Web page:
PACQUIAO: No. I fought 8 or 10 fights in a row where I fought Mexican-Americans or Mexicans, and I’m able to see that Mexicans appreciate my style  because a lot of them are rooting for me. I have lots of Mexican fans, and some of my sparring partners and even guys I’ve fought who are Mexican have said to me that I fight like a Mexican. So it’s an honor to have fans and to have the respect in other countries. No, I’m not a Mexicutioner. I’m only Pacman.

EHRLICH: Fighting Mexican-style means basically to stand there and weave without dancing away, right?

PACQUIAO: I think it’s just the heart. They’ve shown that they don’t back down. They don’t quit. They don’t care. They stand in there and trade punches.

EHRLICH: I was watching some of your sparring tapes, and it looks like you go pretty hard. You knocked one of your sparring partners to the mat with a body shot.

PACQUIAO: Normally we have four different people trying different things. We have guys for speed; we have guys for power; we have the brawlers, the guys that like to foul. . . . We have to be ready for anything in the ring.

EHRLICH: So you specifically get in the ring with people who are throwing elbows and hitting below the belt?

PACQUIAO: Yes, yes, depending on the opponent. We have to know what kind of tactic to do against something like that—just in case that happens.

EHRLICH: Speaking of shady businesses, you’re also in the music industry. You’re a multiplatinum recording artist in the Philippines. How did you get into singing?

PACQUIAO: I don’t know the number but, yes, people buy my album here in the Philippines. My concert was a success in America. After the fight [with Cotto], a lot of people came.

EHRLICH: I was kind of amazed that you scheduled a performance immediately after a 12-round fight. Did you ever think, Maybe I won’t really be up for singing onstage? What if you’d been badly beaten?

PACQUIAO: You can’t think of it that way. You have to always think positive. I had fun. It’s very relaxing for me to sing. It’s a good break from the hard training and the fighting. I’ve come out with two CDs. We’re going to come out with an English album, too. I sing mostly ballads and a little bit of rock. That’s what’s popular here in the Philippines.

EHRLICH: What would you say has been the toughest fight you’ve had so far, and why?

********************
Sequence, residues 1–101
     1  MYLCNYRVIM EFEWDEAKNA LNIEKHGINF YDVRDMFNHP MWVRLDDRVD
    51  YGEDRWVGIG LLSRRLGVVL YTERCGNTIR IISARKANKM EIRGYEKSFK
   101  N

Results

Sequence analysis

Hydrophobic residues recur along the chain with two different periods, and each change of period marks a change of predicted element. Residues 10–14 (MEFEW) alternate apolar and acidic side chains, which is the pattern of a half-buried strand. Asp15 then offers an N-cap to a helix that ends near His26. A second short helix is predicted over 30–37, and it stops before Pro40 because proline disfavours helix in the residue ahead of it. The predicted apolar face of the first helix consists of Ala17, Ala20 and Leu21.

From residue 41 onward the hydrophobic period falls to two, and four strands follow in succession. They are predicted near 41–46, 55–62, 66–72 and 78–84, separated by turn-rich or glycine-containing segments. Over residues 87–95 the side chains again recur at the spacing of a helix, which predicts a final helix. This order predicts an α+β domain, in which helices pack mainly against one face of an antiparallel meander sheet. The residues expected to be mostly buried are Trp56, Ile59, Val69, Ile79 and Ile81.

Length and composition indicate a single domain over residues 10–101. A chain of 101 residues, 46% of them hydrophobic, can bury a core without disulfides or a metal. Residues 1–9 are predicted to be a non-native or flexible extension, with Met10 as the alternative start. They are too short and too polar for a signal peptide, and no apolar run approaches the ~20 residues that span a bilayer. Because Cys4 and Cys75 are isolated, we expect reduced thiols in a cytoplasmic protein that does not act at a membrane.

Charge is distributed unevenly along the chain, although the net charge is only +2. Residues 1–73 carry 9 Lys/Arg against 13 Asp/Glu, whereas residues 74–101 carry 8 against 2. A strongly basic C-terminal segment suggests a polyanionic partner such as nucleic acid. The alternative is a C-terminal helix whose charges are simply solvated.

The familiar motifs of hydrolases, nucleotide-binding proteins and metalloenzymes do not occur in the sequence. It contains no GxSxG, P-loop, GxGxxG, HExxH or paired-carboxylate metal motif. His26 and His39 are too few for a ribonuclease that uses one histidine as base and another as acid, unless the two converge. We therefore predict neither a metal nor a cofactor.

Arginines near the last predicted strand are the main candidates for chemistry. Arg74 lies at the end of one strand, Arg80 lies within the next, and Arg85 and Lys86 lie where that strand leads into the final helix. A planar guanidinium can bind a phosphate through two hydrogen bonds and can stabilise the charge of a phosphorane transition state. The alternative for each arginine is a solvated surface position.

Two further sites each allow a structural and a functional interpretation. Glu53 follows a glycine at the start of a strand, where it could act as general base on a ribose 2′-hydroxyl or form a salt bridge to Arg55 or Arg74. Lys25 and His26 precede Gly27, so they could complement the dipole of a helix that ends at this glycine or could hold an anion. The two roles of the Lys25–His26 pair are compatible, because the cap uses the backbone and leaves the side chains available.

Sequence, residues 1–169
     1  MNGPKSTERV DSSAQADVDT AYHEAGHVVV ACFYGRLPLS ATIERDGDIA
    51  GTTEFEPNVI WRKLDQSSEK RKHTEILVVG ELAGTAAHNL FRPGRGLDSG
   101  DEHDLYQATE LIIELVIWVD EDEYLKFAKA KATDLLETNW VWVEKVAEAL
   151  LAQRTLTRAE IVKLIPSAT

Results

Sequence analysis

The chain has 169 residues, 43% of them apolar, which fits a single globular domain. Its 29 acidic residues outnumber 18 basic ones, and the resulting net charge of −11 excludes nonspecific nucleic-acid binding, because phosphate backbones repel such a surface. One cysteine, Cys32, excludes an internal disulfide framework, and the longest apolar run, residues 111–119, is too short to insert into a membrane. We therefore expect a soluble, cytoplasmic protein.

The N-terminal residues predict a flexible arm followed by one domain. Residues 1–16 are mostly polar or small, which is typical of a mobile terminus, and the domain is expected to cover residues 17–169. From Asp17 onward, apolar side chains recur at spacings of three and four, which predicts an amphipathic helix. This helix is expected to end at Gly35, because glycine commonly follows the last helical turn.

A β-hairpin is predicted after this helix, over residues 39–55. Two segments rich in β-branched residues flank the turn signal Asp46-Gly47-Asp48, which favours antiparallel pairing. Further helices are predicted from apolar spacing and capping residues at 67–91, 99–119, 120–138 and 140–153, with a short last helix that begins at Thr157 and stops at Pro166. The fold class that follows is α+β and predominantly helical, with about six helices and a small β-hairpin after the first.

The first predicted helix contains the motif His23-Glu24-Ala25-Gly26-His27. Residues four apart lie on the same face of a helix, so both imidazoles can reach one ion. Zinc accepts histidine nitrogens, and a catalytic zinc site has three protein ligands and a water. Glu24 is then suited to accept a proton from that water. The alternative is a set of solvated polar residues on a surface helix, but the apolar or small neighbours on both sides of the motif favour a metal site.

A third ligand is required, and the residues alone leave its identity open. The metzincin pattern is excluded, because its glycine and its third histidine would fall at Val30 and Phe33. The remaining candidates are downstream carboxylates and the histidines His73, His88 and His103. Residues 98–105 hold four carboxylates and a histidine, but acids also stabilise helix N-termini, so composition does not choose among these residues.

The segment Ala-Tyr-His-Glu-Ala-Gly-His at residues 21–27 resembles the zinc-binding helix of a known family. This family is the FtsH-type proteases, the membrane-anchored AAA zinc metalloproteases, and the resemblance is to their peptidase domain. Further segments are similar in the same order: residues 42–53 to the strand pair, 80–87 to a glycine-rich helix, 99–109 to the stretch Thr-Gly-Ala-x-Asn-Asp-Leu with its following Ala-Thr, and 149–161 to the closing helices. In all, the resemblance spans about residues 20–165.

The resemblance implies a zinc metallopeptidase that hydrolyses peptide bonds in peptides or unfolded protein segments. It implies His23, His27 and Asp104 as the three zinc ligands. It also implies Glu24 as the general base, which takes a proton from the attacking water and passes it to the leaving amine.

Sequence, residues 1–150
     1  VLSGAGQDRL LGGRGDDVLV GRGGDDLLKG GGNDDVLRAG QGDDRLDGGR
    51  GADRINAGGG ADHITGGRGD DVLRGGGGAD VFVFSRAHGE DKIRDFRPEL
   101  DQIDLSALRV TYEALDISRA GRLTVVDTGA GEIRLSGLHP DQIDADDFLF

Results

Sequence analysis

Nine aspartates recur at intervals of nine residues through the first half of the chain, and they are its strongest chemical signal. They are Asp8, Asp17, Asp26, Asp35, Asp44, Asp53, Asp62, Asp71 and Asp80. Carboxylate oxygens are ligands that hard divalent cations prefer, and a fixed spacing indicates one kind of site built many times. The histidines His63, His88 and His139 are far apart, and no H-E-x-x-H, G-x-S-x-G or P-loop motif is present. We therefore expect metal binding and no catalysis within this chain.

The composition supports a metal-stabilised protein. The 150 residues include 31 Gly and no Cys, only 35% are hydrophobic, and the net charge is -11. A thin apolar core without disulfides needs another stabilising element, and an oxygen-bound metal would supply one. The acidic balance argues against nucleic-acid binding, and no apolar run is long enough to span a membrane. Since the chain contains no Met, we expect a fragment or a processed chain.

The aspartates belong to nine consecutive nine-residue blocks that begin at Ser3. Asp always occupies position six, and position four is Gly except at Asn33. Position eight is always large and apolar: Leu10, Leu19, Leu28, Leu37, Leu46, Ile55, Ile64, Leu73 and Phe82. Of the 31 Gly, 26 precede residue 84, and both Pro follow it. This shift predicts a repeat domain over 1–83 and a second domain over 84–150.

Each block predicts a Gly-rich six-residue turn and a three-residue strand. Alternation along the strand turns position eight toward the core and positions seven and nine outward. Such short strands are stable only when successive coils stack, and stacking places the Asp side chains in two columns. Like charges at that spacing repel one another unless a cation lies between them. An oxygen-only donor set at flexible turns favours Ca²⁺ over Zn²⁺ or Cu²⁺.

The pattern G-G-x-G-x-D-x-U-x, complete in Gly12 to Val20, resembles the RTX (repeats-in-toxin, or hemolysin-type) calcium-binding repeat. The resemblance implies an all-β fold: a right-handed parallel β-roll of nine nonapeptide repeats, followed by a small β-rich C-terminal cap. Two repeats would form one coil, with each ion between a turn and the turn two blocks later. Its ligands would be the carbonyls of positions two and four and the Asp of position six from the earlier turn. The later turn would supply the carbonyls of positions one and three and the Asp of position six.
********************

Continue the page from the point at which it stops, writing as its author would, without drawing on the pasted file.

PACQUIAO: The toughest would probably be with Miguel Cotto. He’s a very tough fighter. It took me a while to get used to the style. The fights with [Juan Manuel] Márquez and [Erik] Morales were also difficult. The best fight—the best performance—I think I’ve had was against [Oscar] De La Hoya. I think that was my best night, followed by [my fight with Ricky] Hatton, and then Cotto.

EHRLICH: It’s interesting that you say Cotto was your toughest fight even though you didn’t lose it. You have lost one or two before. But the toughest one you actually won.

PACQUIAO: He’s a tough guy. He just keeps coming. He wouldn’t go down.

EHRLICH: Have you ever been involved, as an adult, in a fight outside the ring?

PACQUIAO: Not in the last 15 years.

EHRLICH: Tell me about your political career.

PACQUIAO: I’ve learned a lot from politics. It’s a very dirty business here in the Philippines. That’s the reason I’m in it now, to change the view of it and the overall way of politics here in the Philippines. I’m coming in as somebody who already has money, who doesn’t need money number one, doesn’t need to be corrupt, doesn’t need to take advantage of people. But also somebody who has been there—to help the people who are suffering, and that is where I was. To show them that it can be done.

EHRLICH: What was your childhood like?

PACQUIAO: We were very, very, very, very poor. Sometimes we had one piece of fish for the entire day. Sometimes we just had rice. We mixed it with water so that we could have a little bit of a soup. We call it ngaw here in the Philippines; it’s just rice broth. It was very difficult. That’s why I had to work when I was very young, to help support my family, to help my brothers and my sister go to school. It was a very difficult time. That’s how I grew up.

EHRLICH: What jobs did you do?

PACQUIAO: I’ve worked in construction, in a factory sewing clothes. I also sold flowers and doughnuts—just odd jobs to try to make 10 pesos, which is equivalent to 20 cents.

EHRLICH: Forbes said that you earned $40 million last year. How much have you earned in your career so far as a professional boxer?

PACQUIAO: I don’t know how much exactly I’ve earned. I think the IRS knows how much I’ve earned.

EHRLICH: Despite your popularity, you had to bring a lawsuit against a newspaper in the Philippines that wrote an article claiming that you were a compulsive gambler. Do you actually gamble?

PACQUIAO: I used to play a little bit, for fun. It’s okay to play poker, but not to the point where it’s hurting me, my family, or my income.

EHRLICH: The house you grew up in—did it have running water?

PACQUIAO: We were in a one-bedroom hut made of bamboo and cardboard.

EHRLICH: A dirt floor?


EHRLICH: Was there running water?

PACQUIAO: No, no, no.

EHRLICH: So you’ve gone from living in a dirt-floored hut with no running water to being one of the richest people in the Philippines. Do you ever wake up sometimes and think, Is this really happening?

PACQUIAO: Yes, sometimes. I also question, “God, why me? Am I special in any way?” I’m just appreciative of everything that has happened in my life—I’m overwhelmed, sometimes, by this. When I see where I grew up and the places I’ve been, it puts a smile on my face because of all the people there I can help. I give them food; I give them money; I try to provide them with a good lifestyle, and do the best I can because that’s where I came from. Those are my people.

EHRLICH: When you were young, did you know it was going to happen?

PACQUIAO: I always knew I would be world champion.

EHRLICH: Now, you’re also a sergeant major in the Philippine army reserve. When was the last time you actually put the uniform on?

PACQUIAO: Maybe a year ago. We had a special award for one of our generals, and I came to visit and gave him his award. But I’m ready to fight for my country. I’ve always fought for my country, in my own way, showing that Filipinos are a strong people and can do anything that they put their minds to. But if the army needs me, I’m ready. Always ready.

Dimitri Ehrlich is a contributing music editor at Interview.